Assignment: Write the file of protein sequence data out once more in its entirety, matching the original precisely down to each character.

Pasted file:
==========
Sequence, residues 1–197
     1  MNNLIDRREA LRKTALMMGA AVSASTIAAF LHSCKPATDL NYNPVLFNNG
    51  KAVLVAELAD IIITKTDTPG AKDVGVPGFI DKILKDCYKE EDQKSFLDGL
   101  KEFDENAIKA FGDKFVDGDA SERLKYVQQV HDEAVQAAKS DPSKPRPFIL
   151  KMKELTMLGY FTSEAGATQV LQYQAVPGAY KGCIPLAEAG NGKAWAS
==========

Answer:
Sequence, residues 1–197
     1  MNNLIDRREA LRKTALMMGA AVSASTIAAF LHSCKPATDL NYNPVLFNNG
    51  KAVLVAELAD IIITKTDTPG AKDVGVPGFI DKILKDCYKE EDQKSFLDGL
   101  KEFDENAIKA FGDKFVDGDA SERLKYVQQV HDEAVQAAKS DPSKPRPFIL
   151  KMKELTMLGY FTSEAGATQV LQYQAVPGAY KGCIPLAEAG NGKAWAS